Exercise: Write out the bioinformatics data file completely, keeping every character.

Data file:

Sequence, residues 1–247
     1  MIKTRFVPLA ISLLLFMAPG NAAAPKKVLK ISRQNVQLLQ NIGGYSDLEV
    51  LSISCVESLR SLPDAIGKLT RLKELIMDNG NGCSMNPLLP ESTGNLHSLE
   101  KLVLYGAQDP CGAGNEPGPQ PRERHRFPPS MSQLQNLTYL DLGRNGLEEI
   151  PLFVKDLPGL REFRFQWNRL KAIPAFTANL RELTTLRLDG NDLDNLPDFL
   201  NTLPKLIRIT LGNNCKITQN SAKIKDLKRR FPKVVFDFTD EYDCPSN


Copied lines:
Sequence, residues 1–247
     1  MIKTRFVPLA ISLLLFMAPG NAAAPKKVLK ISRQNVQLLQ NIGGYSDLEV
    51  LSISCVESLR SLPDAIGKLT RLKELIMDNG NGCSMNPLLP ESTGNLHSLE
   101  KLVLYGAQDP CGAGNEPGPQ PRERHRFPPS MSQLQNLTYL DLGRNGLEEI
   151  PLFVKDLPGL REFRFQWNRL KAIPAFTANL RELTTLRLDG NDLDNLPDFL
   201  NTLPKLIRIT LGNNCKITQN SAKIKDLKRR FPKVVFDFTD EYDCPSN